A common personality test used as a screening diagnostic tool for autism spectrum disorder may not be as reliable as previously thought.
According to researchers at the University of Bath, their new findings released in Experimental Results have yielded psychometric concerns for health professionals using the 10-item Autism-Spectrum Quotient (AQ10) questionnaire.
The primary use of the AQ10 test is to measure any potential personality characteristics associated with autism. The 10-item condensed version, in comparison to the standard 50-item measure, allows for shorter diagnoses screenings of such symptoms.
But in the new study examining the data of 6,595 adults with autism, the research team found low reliability across a couple of statistical techniques, scrutinizing its effectiveness in measuring autism.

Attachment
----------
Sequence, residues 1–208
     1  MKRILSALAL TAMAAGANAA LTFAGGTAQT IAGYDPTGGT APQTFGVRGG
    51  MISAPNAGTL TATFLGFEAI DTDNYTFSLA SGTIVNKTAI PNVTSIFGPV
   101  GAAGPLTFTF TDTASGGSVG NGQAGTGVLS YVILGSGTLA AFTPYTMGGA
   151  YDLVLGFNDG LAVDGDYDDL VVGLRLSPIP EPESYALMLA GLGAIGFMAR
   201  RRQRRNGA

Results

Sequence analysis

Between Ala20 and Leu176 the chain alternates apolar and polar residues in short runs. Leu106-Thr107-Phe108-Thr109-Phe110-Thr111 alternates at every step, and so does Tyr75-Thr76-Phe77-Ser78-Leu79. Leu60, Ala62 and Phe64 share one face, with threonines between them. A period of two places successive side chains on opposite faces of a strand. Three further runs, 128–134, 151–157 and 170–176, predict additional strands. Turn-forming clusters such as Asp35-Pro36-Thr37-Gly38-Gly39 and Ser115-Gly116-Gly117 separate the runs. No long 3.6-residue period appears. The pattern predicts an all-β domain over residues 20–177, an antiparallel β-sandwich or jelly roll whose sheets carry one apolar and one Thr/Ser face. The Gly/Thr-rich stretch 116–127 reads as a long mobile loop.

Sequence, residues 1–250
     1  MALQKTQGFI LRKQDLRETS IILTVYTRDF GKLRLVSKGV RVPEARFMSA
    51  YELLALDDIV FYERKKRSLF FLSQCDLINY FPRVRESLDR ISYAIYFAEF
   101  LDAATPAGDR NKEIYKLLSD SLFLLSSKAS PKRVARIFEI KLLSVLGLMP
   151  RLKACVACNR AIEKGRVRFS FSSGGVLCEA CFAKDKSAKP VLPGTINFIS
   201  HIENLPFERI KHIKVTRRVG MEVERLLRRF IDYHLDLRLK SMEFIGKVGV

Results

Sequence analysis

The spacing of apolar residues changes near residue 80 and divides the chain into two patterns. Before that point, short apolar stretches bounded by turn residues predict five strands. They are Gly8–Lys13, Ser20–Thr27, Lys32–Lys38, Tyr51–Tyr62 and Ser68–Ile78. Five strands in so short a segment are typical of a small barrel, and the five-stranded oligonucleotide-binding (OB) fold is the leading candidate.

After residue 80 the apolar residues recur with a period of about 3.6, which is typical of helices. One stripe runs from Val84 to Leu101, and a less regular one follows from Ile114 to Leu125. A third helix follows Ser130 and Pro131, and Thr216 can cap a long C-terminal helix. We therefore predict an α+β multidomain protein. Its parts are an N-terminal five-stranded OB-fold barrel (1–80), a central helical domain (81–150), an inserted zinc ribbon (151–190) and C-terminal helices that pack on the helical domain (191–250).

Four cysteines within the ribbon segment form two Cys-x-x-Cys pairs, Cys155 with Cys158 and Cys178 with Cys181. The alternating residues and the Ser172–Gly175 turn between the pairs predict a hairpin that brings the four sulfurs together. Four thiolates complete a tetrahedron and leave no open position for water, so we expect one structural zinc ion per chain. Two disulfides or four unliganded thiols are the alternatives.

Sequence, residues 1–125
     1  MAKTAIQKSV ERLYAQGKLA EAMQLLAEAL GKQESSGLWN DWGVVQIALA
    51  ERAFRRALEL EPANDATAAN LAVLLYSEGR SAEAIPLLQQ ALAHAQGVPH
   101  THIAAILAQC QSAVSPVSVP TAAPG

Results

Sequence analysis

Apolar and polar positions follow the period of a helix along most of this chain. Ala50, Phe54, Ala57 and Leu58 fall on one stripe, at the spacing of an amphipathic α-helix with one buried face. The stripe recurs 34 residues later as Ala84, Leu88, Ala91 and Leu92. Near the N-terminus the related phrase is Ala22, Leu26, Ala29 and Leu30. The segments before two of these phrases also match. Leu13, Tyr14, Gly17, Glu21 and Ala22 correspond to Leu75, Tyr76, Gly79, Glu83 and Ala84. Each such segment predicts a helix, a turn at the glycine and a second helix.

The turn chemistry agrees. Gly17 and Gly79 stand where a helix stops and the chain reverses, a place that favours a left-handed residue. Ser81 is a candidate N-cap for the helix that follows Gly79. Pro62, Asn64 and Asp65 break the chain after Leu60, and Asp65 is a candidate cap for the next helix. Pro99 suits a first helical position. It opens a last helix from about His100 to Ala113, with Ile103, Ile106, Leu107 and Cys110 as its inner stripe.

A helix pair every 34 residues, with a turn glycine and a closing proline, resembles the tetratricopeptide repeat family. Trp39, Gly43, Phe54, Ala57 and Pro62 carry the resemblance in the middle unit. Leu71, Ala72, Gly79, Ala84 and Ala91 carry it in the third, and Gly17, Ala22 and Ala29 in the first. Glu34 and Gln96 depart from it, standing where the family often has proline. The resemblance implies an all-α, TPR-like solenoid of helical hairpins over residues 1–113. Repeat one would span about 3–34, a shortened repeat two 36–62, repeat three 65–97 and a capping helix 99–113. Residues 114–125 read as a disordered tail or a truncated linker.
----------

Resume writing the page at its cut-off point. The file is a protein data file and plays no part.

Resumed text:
“By analysing AQ10 data from a large non-clinical sample of adults, we found that the AQ10 does not have a unifactorial factor structure, and instead appears to have several factors. The AQ10 also had poor internal reliability,” the study’s co-authors stated in the findings.
“Whilst the AQ10 has important clinical utility in screening for diagnosable autism, it may not be a psychometrically robust measure when administered in non-clinical samples from the general population. Therefore, we caution against its use as a measure of trait autism in future research,” the co-authors concluded.
For future research, addressing the issues highlighted in the new findings is detrimental to further improve clinical practice and autism research.